About us: We own the Wild Birds Unlimited nature shop in East Lansing, Michigan,
a store that provides a wide variety of supplies to help you enjoy the birdwatching hobby.

This blog was created to answer frequently asked questions & to share nature stories and photographs.
To contribute, email me at bloubird@gmail.com.

Saturday, June 6, 2009

Bird Poop Helps Save the World!

While I enjoy the antics of the starling babies that have invaded my feeder, I can’t help but notice the large amount of what I call “thank you for a good meal” droppings. So after my daily feeder maintenance I come in and to my surprise, read an article about how bird droppings are helping scientists save the world!

Actually ecologists believe Emperor penguin populations are a useful climate change indicator due to the birds' reliance on sea ice. However because of their remote location it was hard to track their movements. Even using standard satellite imaging it was impossible to track the penguins themselves because they are too small. Yet the penguins which spend eight months on sea ice to raise a family do leave behind evidence of that stay; lots of evidence. Stretches of excrement-stained ice are so large that they are visible from space. It has also helped scientists locate 10 new emperor penguin colonies in Antarctica.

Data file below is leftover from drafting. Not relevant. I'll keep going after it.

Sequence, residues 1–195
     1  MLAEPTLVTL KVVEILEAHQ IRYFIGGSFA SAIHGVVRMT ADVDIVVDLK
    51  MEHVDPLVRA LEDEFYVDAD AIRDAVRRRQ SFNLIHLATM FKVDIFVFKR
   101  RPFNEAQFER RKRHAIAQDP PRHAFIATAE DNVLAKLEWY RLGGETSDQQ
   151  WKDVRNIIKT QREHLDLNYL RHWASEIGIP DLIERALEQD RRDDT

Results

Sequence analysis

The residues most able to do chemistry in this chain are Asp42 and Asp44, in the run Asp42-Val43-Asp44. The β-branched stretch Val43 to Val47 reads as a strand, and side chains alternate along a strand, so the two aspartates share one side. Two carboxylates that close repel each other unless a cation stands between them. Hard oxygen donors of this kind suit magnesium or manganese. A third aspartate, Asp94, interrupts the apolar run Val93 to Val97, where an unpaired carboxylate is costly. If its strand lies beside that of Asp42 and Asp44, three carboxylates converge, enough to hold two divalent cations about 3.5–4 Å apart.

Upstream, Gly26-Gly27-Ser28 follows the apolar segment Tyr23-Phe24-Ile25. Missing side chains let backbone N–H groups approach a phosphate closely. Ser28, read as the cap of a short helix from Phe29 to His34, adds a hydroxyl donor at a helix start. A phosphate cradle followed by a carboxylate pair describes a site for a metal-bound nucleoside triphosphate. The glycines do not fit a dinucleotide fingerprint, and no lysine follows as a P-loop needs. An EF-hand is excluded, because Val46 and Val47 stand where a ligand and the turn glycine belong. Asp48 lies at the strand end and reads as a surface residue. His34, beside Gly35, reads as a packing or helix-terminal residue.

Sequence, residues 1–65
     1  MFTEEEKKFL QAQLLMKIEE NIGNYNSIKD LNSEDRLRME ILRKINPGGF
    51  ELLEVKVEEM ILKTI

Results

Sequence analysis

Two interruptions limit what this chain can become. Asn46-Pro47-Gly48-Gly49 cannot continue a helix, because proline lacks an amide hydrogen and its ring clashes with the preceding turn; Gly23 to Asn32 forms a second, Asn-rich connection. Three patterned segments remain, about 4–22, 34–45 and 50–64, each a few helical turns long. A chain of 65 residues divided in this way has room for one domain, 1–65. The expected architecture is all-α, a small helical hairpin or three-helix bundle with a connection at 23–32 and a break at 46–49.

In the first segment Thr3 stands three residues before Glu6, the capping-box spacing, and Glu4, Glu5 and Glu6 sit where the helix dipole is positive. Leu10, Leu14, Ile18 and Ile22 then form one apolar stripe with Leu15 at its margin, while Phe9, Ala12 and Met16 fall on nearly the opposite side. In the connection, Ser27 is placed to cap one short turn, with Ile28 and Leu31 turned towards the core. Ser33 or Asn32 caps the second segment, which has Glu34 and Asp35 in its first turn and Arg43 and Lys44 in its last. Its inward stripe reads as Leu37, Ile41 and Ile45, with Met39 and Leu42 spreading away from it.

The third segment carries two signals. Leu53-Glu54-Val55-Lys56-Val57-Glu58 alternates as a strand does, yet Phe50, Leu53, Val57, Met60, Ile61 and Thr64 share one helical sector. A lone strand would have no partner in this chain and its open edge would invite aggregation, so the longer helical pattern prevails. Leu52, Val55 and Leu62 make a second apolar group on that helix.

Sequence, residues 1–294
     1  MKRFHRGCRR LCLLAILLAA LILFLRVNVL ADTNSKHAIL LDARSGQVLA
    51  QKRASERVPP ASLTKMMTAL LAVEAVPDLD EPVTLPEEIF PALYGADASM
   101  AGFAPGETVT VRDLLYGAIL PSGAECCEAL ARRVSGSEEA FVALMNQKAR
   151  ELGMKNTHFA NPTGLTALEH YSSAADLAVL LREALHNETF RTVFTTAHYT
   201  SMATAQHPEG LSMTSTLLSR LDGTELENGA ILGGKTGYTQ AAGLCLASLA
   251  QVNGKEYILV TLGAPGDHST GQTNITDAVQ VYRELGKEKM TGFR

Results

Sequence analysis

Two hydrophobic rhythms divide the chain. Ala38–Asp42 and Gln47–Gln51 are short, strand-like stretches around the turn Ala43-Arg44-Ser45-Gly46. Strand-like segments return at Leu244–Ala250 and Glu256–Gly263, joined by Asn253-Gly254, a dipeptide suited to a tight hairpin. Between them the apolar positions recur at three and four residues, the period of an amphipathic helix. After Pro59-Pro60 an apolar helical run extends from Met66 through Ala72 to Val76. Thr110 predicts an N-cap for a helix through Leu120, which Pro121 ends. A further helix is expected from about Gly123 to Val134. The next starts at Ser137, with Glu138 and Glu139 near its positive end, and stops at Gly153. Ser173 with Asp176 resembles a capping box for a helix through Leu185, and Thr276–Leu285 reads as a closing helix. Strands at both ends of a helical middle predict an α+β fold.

British Antarctic Survey (BAS) penguin ecologist, Dr Phil Trathan, said: "Now we know exactly where the penguins are, the next step will be to count each colony so we can get a much better picture of population size. Using satellite images combined with counts of penguin numbers puts us in a much better position to monitor future population changes over time."

The Cambridge-based British Antarctic Survey (BAS) is a world leader in research into global environmental issues. It is a component of the Natural Environment Research Council. More information about the work of the Survey can be found at: http://www.antarctica.ac.uk/

Side note: Why are there so many starlings at the feeder this year? Starlings usually change their diet in the spring and summer to consist mainly of insects but I believe the spring has been so cold in mid-Michigan this year that the insects haven’t hatched in their usual numbers. So the starlings as well as many other insect eaters have been supplementing their diet at the birdfeeders. Click on The Safflower Solution if you want to deter starlings at your feeder.

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